Pages 1 - 10 of 12 with tag "technology"
One of the most interesting (and sometimes scary!) parts of my job at Mozilla is dealing with security bugs. We don't always ship perfect code – nobody does – but I'm privileged to work with a great team of engineers and security folks who know how to deal effectively with security issues when they arise. I'm also privileged to be able to work in the open, and I want to start taking more advantage of that to share some of my experiences.
One of the best ways to learn how to write more secure code is to get experience watching code fail in practice. With that in mind, I'm planning to write about some of the security-bug stories that I've been involved in during my time at Mozilla. Let's start with a recent one: Bug 1447452, in which some mishandling of unicode characters by the Firefox Accounts API server could have allowed an attacker to make arbitrary requests to its backend data store.read more >>
Alternate title: reduce your compressed file size with this one weird trick!
The obvious approach is to reach for a higher-performance compression algorithm, perhaps bzip2 or LZMA. But these algorithms can suffer from slow decompression speeds and are not generally supported in today's web browsers. For shipping compressed content on the web today, gzip is the only game in town.
So can we do better while staying within the confines of gzip?read more >>
OK OK, I couldn't resist that title but it probably goes a bit far. Let me try for a little more nuance:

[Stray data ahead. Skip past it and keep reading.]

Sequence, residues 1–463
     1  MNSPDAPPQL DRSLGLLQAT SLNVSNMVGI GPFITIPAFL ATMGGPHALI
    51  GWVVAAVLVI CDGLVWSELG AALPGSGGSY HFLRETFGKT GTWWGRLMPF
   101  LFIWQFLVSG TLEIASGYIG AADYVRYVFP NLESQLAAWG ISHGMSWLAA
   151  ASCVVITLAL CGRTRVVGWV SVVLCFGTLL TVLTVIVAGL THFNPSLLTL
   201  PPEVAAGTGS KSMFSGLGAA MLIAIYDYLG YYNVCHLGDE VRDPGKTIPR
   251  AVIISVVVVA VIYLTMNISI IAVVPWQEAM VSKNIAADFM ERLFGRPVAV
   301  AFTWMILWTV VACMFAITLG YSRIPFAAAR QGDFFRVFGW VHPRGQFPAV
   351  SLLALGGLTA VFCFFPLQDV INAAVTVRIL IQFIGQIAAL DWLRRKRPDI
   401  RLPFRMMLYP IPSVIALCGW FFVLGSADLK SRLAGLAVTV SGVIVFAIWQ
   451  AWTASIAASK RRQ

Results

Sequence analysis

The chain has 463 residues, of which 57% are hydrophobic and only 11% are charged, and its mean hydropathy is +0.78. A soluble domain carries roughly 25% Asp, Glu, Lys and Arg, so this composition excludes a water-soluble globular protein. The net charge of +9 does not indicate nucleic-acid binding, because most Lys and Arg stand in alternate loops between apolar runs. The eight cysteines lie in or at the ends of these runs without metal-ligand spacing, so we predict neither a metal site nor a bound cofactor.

PyPy.js: Now faster than CPython, on a single carefully-tuned benchmark, after JIT warmup.
It has been the better part of a year since I first started hacking on PyPy.js, an experiment in bringing a fast and compliant python interpreter to the web. I've been pretty quiet during that time but have certainly been keeping busy. Some of the big changes since my previous update include:
- An asmjs-to-python converter, so that PyPy's comprehensive JIT testsuite can be run on the asmjs backend.
- Some new optimizations in the emscripten compiler, which greatly reduce compiled code size.
- A basic interactive console, so you can try PyPy.js straight from your browser.
- And even uncovering an apparent bug in an LLVM optimization pass.
- PyPy's powerful just-in-time compiler, which can optimize the hot loops of your program into efficient native code.
By translating the PyPy interpreter into asm.js code, and by having its JIT backend emit specialized asm.js code at runtime, it should theoretically be possible to have an in-browser Python implementation whose hot loops perform within a factor of two of native code.
I'm excited to report a small but important milestone on the road to making this a reality.
It's certainly not a full Python interpreter, and it comes with many caveats and question-marks and todos, but I have been able to produce a simple demo interpreter, with JIT, that approaches the theoretical factor-of-two comparison to native code under some circumstances. There's a long way to go, but this seems like a very promising start.
TL;DR? Feel free to jump straight to the important graph.read more >>